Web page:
By Mark King, CEO of TaylorMade-adidas Golf

With all due respect to my adopted state of California, where I’ve lived the past twenty-seven years, it’s my opinion that for every great course here, I can think of at least two in the Green Bay, Wisconsin area, where I was born and raised. And that doesn't include famous Wisconsin resort courses like Blackwolf Run and Whistling Straits, not because they aren't excellent but because they weren't around when I lived there.

I’m talking about old Wisconsin golf, which is distinguished by narrow rolling fairways lined with trees, not houses; and small, undulating greens that call for precise approaches and a razor-sharp short-game. That describes Brown County Golf Course in Green Bay as well as Brown Deer Golf Club in Milwaukee, which were once the subject of an ongoing debate among golfers from both cities regarding which of the two was the better public track. My vote always went to Brown County, where as a kid I learned to play and as a teenager I worked in the cart barn, washed dishes, swept the locker room and did a hundred other jobs. How highly do I think of the place?At TaylorMade-adidas Golf we name our conference rooms after great courses: Torrey Pines, Pinehurst, St. Andrews, etc. The executive boardroom?It’s called Brown County.

As for the very best golf course in the Milwaukee area, there’s Milwaukee Country Club and there’s the rest. Prestigious and private, it’s a course that few people can say they've played. Opened in 1894, it’s a collaboration between H. S. Colt (who assisted George Crump in the creation of Pine Valley) and C. H. Allison. How good is MCC?Jim Flick, the world-renowned instructor who now teaches out of TaylorMade-adidas Golf headquarters in Carlsbad, Calif., lists Milwaukee Country Club in his top five courses in the world. I’ve played it only once, but I can tell you that any authentic golfer who values design that makes great wide use of the natural lay of the land will love it.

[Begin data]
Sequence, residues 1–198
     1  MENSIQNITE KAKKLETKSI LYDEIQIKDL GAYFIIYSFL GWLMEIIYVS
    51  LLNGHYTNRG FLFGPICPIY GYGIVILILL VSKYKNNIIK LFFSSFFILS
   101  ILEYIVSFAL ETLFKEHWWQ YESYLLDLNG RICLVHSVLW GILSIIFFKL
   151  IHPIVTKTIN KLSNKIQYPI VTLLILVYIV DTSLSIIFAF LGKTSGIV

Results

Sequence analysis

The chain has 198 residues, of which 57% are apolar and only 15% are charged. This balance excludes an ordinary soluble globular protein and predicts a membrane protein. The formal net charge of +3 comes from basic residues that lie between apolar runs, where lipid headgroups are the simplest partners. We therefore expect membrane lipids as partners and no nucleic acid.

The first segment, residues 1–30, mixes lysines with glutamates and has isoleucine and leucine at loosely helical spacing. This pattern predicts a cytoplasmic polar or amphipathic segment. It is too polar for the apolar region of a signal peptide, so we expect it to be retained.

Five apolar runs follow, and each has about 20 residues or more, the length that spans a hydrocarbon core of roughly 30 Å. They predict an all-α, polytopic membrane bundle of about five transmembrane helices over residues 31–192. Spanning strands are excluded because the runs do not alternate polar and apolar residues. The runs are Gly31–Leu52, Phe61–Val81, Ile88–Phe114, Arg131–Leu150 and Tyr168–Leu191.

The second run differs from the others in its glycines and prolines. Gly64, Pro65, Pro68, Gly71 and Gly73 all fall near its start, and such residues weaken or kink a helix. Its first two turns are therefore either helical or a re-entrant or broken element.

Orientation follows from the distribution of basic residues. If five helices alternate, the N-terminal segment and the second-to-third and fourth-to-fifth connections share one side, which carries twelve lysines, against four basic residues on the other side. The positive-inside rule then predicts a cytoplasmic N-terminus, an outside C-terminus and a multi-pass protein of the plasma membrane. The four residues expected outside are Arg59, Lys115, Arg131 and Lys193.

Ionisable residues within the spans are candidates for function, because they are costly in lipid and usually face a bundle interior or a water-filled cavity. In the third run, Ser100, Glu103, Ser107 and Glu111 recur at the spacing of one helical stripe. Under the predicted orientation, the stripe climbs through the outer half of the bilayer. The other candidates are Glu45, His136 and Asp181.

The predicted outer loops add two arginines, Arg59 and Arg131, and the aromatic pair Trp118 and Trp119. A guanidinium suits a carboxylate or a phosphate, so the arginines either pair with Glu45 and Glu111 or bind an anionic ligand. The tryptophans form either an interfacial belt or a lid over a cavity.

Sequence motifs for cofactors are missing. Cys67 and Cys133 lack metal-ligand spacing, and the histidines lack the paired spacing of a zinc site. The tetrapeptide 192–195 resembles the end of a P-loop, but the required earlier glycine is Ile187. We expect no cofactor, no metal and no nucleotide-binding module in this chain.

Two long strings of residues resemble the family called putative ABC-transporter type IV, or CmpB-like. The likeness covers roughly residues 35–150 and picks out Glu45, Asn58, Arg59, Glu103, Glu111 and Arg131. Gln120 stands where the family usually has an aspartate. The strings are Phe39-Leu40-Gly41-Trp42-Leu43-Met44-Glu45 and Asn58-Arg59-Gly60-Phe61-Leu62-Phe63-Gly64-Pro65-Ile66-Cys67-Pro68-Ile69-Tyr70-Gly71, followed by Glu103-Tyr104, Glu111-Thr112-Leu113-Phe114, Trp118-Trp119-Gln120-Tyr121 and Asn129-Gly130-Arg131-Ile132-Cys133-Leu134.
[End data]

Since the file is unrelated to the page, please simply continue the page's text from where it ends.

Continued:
A slew of additional venues merits mention in any discussion of the best of Wisconsin golf: North Hills Country Club, opened in the late 1920s and known for its undulating greens and multitude of difficult pin positions; Lawsonia Golf Links, with its tree-lined fairways, small greens and proficient use of the terrain; and Blue Mound Country Club, designed by Seth Raynor and opened in 1924, a short but sublime layout that hosted the 1933 PGA Championship.

However, my choice for the finest golf course in the state is Stevens Point Country Club, 155 miles northwest of Milwaukee. Designed by Lawrence Packard, it opened in 1925. Its narrow fairways are lined by dense forests of pines with a thick carpet of pine straw on the ground beneath them. Every hole is challenging, picturesque and distinctly different from the rest. I remember competing there as a freshman in the state high school championship and later in the State Amateur during the mid-1970s. It’s a special course—one of many in the great state of Wisconsin.